Mini-greenhouses for protection in the midwinter garden plot. A great way to start lettuce, broccoli and cabbage and other cool weather vegetables is to save your plastic two-liter soft drinks that are clear plastic. Cut off the bottom and place bottles over the plants for added warmth and protection from cold temperatures, snow, ice, and freezing rain. Just press them down into the soil to keep the wind from blowing them over. In early April, you can use the bottles on your first tomato plants. This will start them on their way to an early harvest.

A whiff of spring inside of the home in January. The sweet fragrance of an early hyacinth can be enjoyed during January and February in your living room, dining room, or kitchen. You can now purchase hyacinths in containers at Walmart, Lowe’s or Home Depot, as well as in floral departments at the supermarket. They come already in full bloom in the colors of red, cream, lavender, pink, yellow, and purple. Their sweet scent will liven up the kitchen and provide a feeling of spring inside.

The Full Wolf Moon of January. The full moon of January occurred on this past Friday and is still almost full tonight. After church it should be rising on the eastern horizaon around nine o’clock. If it is clear, this should be a bright moon as it shines on bare limbs, fields of past harvest, meadows with moonlight in wintertime.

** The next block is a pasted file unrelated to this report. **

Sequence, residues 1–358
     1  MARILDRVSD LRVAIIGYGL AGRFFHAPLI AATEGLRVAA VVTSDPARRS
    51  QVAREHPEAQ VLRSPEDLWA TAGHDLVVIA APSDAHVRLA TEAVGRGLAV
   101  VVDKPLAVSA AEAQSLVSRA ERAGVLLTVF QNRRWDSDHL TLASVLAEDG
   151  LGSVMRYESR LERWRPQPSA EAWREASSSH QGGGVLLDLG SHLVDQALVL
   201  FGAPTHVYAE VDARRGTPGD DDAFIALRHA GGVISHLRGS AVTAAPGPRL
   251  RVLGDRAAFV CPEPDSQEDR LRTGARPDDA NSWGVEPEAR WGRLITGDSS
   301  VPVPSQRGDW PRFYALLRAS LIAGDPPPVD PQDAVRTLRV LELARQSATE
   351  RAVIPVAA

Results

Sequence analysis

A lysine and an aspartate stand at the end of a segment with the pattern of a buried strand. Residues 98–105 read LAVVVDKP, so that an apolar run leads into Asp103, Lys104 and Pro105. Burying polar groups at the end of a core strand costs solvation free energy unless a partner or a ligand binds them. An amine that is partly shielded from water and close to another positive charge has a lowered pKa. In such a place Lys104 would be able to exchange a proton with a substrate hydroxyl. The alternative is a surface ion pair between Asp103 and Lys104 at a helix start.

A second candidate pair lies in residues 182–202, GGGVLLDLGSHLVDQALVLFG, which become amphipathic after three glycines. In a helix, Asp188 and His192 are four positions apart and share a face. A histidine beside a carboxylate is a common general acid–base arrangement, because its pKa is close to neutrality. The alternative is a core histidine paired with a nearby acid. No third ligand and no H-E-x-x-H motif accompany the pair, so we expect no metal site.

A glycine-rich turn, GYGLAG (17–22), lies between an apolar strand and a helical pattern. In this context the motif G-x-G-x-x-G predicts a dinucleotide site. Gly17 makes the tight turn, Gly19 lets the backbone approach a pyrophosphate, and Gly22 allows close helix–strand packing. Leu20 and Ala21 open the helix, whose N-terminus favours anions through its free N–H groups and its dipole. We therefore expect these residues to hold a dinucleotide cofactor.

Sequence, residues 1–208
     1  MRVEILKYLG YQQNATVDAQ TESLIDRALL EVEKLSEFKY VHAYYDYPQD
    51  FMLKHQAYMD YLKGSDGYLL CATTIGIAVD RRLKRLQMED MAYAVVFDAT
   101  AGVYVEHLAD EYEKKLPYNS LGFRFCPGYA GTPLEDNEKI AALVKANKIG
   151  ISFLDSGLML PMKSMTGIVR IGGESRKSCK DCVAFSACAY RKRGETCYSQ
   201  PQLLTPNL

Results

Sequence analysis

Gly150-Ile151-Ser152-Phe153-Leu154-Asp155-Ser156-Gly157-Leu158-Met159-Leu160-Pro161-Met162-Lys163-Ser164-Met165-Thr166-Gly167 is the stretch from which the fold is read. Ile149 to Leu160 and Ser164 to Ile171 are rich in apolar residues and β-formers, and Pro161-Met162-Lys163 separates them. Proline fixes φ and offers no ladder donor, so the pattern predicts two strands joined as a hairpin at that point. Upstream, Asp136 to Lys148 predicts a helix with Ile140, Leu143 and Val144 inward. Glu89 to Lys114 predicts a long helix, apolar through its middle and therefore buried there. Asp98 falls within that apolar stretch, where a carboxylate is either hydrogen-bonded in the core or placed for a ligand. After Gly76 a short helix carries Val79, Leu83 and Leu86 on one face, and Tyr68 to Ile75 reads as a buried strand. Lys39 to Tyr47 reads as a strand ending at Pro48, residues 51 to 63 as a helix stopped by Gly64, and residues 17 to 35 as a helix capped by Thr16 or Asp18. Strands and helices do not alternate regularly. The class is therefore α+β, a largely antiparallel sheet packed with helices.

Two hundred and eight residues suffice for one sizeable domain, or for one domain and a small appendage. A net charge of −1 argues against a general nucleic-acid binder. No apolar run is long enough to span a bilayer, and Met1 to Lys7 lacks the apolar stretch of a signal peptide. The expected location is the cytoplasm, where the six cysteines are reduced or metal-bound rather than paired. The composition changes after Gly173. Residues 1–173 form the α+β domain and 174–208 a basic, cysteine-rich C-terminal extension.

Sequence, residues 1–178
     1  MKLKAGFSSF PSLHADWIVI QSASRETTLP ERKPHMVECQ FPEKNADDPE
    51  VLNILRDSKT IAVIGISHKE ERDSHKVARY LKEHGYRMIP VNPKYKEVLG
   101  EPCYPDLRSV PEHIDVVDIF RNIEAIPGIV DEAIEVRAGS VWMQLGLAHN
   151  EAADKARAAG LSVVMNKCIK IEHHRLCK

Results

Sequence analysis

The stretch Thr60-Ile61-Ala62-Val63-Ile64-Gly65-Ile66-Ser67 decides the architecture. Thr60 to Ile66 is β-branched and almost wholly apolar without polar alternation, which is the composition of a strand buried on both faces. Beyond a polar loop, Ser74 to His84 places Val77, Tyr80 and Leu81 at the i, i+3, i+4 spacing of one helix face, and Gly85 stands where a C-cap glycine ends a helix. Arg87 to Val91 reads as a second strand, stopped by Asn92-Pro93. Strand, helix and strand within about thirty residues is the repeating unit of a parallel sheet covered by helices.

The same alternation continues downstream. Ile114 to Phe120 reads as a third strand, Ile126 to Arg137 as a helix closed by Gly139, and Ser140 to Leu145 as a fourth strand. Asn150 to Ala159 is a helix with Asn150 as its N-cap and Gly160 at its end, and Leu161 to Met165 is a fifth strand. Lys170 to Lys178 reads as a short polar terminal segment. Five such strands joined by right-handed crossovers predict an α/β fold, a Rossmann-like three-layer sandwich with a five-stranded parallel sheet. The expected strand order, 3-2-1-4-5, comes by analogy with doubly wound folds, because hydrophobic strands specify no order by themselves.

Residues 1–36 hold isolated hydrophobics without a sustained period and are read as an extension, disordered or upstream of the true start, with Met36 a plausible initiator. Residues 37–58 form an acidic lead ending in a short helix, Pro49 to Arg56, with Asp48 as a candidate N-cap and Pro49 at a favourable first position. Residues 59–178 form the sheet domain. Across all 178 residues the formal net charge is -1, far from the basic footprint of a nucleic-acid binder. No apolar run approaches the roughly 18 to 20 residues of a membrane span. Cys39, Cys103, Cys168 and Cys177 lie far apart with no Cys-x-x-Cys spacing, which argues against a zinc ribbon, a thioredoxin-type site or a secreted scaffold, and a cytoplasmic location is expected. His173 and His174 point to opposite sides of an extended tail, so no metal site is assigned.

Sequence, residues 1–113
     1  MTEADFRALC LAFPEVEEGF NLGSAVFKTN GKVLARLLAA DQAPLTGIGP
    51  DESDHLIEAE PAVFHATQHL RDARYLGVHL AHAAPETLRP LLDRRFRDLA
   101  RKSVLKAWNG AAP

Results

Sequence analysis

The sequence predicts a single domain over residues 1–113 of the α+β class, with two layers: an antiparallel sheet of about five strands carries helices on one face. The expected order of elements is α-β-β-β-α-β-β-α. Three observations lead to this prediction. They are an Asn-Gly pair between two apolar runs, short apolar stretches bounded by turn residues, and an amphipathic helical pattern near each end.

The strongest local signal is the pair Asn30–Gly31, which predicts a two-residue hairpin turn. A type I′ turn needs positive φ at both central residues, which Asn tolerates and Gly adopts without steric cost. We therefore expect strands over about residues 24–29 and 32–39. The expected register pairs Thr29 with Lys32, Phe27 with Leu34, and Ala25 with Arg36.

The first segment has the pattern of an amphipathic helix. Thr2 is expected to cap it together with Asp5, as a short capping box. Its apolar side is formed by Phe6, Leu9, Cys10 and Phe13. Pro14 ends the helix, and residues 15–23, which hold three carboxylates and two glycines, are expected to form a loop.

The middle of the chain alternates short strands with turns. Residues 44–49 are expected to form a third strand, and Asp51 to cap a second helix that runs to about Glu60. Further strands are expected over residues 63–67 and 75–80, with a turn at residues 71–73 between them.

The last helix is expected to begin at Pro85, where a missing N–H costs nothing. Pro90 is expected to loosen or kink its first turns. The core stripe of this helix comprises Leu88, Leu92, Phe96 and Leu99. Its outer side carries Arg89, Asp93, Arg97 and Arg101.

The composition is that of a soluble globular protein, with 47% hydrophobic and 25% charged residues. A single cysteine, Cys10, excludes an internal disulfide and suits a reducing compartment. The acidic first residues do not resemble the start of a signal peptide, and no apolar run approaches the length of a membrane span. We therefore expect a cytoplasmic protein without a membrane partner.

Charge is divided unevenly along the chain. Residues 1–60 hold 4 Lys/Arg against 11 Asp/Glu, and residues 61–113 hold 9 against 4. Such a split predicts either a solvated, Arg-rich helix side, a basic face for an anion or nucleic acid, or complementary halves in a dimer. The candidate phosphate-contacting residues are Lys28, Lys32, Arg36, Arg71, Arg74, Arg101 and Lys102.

Enjoying an Eldorado casserole. This may be similar to what Cole Thorton and “Mississippi” (John Wayne and James Conn) were eating at the cantina outside of Eldorado! To prepare, you will need one pound of ground round or ground chuck, one small can of Old El Paso green chilies, one eight-ounce can of tomatoes puree, one can of Old El Paso nacho cheese sauce, one large diced onion, one pint sour cream, four ounces of finely shredded sharp cheddar cheese, half teaspoon salt, half teaspoon pepper, one small package of Doritos (one cup). Boil ground round or chuck until done and drain liquid, add diced onion, salt and pepper and cook in ground mean five minutes. Add tomato puree and cook four minutes. Add sour cream and chilies. Line a 13x9x2 inch baking pan or dish sprayed with Baker’s Joy and then covered with a layer of crushed Doritos and a layer of meat mixture and a layer of nacho cheese sauce. Repeat with another layer. Top with the package of finely shredded cheddar. Bake at 350 degrees for 45 minutes.

Hoe Hoe Hoedown “A sure cure”- A man with a terrible cold went to the doctor. The doctor said, “You’ve got a terrible cold.”

“I know it, doctor, that’s why I came to see you.”

The doctor said, “You go home, take off your shoes and shirt, go out to the north side of the house and stand in the snow for two hours.”

“Doctor,” said the man “But this will give me pneumonia.”

The doctor said, “I know. You see I know how to treat pneumonia but I don’t know how to treat a common cold.”

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Ray Baird